Hypacrosaurus altispinus










Hypacrosaurus stebingeri

Hypacrosaurus altispinus

Mount exhibited in Tokyo, Japan at the National Museum of Nature and Science

More recently, another analysis, accounting for characters that vary through ontogeny, instead found it to be closely related to the European taxa Arenysaurus and Blasisaurus, outside of Lambeosaurini, unlike the earlier studies. Its position outside of the clade containing Parasaurolophini and Lambeosaurini was supported by the absence of two synapomorphies of the group in its teeth. Four characters united it with Arenysaurus and Blasisaurus; the end margin of the coronoid process overlapping with the back portion of the dental battery (which was suggested to perhaps reflect a difference in feeding habits from other taxa), a short edentulous slope, and two characters of the jugal.[2] The following cladogram was recovered in their analysis:















The specimen was collected from Upper Yezo Group, which was known as the Upper Ammonites Bed at the time of the original description. Because the area where it was discovered no longer belongs to Japan, follow up research has become difficult. Additionally, field notes from the time of discovery have been lost. This has made determining the age of the horizon problematic. However, Nagao noted fossil molluscs now called Parapuzosia japonica and Sphenoceramus schmidti were also found at the locality, and these are known to hail from the lower Campanian. An age from the upper Santonian or lower Campanian is therefore likely.[4][5]

Based on the sediments it was preserved in, the Nipponosaurus specimen is thought to have been buried in a marine setting. However, this would not have been far from the shore, as indicated by the relatively complete nature of the specimen and the presence of fossilised terrestrials plants found alongside it. This indicates the species may have lived primarily on low-lying plains near the coast, a lifestyle consistent with some of its North American relatives.[5]
See also
Wikimedia Commons has media related to Nipponosaurus.

Timeline of hadrosaur research


Nagao, Takumi (1936). "Nipponosaurus sachalinensis – A new genus and species of trachodont dinosaur from Japanese Saghalien". Journal of the Faculty of Science, Hokkaido Imperial University. Ser. 4, Geology and Mineralogy. 3 (1): 185–220.
Takasaki, Ryuji; et al. (2017). "Reanalysis of the phylogenetic status of Nipponosaurus sachalinensis (Ornithopoda: Dinosauria) from the Late Cretaceous of Southern Sakhalin". Historical Biology. 30 (5): 1–18. doi:10.1080/08912963.2017.1317766. S2CID 90767373.
Nagao, Takumi (1938). "On the limb-bones of Nipponosaurus sachalinensis Nagao, a Japanese hadrosaurian dinosaur". 日本動物学彙報. 17 (3): 311–319.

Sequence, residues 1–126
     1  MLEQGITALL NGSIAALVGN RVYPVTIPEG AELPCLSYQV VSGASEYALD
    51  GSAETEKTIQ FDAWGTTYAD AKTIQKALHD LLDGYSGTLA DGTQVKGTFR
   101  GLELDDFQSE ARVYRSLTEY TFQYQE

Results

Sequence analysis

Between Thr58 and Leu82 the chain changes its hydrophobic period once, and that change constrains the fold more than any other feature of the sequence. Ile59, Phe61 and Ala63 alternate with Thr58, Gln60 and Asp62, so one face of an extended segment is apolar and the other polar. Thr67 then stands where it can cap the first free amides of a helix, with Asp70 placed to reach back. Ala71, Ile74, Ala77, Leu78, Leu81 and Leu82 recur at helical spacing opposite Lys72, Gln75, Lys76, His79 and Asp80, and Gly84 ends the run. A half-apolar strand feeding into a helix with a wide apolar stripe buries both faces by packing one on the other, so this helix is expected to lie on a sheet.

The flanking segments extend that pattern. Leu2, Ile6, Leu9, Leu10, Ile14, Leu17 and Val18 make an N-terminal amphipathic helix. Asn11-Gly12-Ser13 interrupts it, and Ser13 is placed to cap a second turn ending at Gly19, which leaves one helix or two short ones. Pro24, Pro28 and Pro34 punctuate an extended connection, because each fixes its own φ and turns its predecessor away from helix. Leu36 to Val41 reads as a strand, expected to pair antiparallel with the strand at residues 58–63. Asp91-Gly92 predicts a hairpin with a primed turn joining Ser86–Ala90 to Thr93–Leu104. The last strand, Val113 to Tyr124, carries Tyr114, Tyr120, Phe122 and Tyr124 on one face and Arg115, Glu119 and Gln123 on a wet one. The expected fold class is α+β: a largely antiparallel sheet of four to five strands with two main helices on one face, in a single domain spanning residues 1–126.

Suzuki D.; Weishampel D. B.; Minoura N. (2004). "Nippponosaurus sachalinensis (Dinosauria; Ornithopoda): anatomy and systematic position within Hadrosauridae". Journal of Vertebrate Paleontology. 24 (1): 145–164. doi:10.1671/A1034-11. S2CID 83841024.
Masaki Matsukawa; Ikuwo Obata (1994). "Dinosaurs and sedimentary environments in the Japanese Cretaceous: a contribution to dinosaur facies in Asia based on molluscan palaeontology and stratigraphy". Cretaceous Research. 15 (1): 101–125. doi:10.1006/cres.1994.1005.
Creisler, B.S. (2007). Deciphering duckbills. in: K. Carpenter (ed.), Horns and Beaks: Ceratopsian and Ornithopod Dinosaurs. Indiana University Press: Bloomington and Indianapolis, 185–210. ISBN 0-253-34817-X
Dodson, Peter (1975). "Taxonomic implications of relative growth in lambeosaurine dinosaurs". Systematic Zoology. 24 (1): 37–54. doi:10.2307/2412696. JSTOR 2412696.
Rozhdestvensky, A. K. (1968). "Hadrosaurs of Kazakhstan" (PDF). Upper Paleozoic and Mesozoic Amphibians and Reptiles. Moscow: Akademia Nauk SSSR: 97–141.
Matsuo, Hidekuni (1967). "A Cretaceous Salvinia from the Hashima-Is.(Gunkan-Jima), outside Nagasaki Harbour, West Kyushu, Japan". Transactions and Proceedings of the Paleontological Society of Japan.: 49–55.
Rozhdestvensky, A. K. (1977). "The study of dinosaurs in Asia" (PDF). Palaeontological Society of India. 20 (10).
Brett-Surman, Michael Keith (1989). "A revision of the Hadrosauridae (Reptilia: Ornithischia) and their evolution during the Campanian and Maastrichtian". Faculty of the Graduate School of Arts and Sciences of the George Washington University.
Godefroit, Pascal; Hai Shulin; Yu Tingxiang; Lauters, Pascaline (2008). "New Hadrosaurid Dinosaurs from the Uppermost Cretaceous of Northeastern China". Acta Palaeontologica Polonica. 53 (1): 47–74. doi:10.4202/app.2008.0103.
Evans, David C.; Robert R. Reisz. (2007). "Anatomy and Relationships of Lambeosaurus magnicristatus, a crested hadrosaurid dinosaur (Ornithischia) from the Dinosaur Park Formation, Alberta". Journal of Vertebrate Paleontology. 27 (2): 373–393. doi:10.1671/0272-4634(2007)27[373:AAROLM]2.0.CO;2.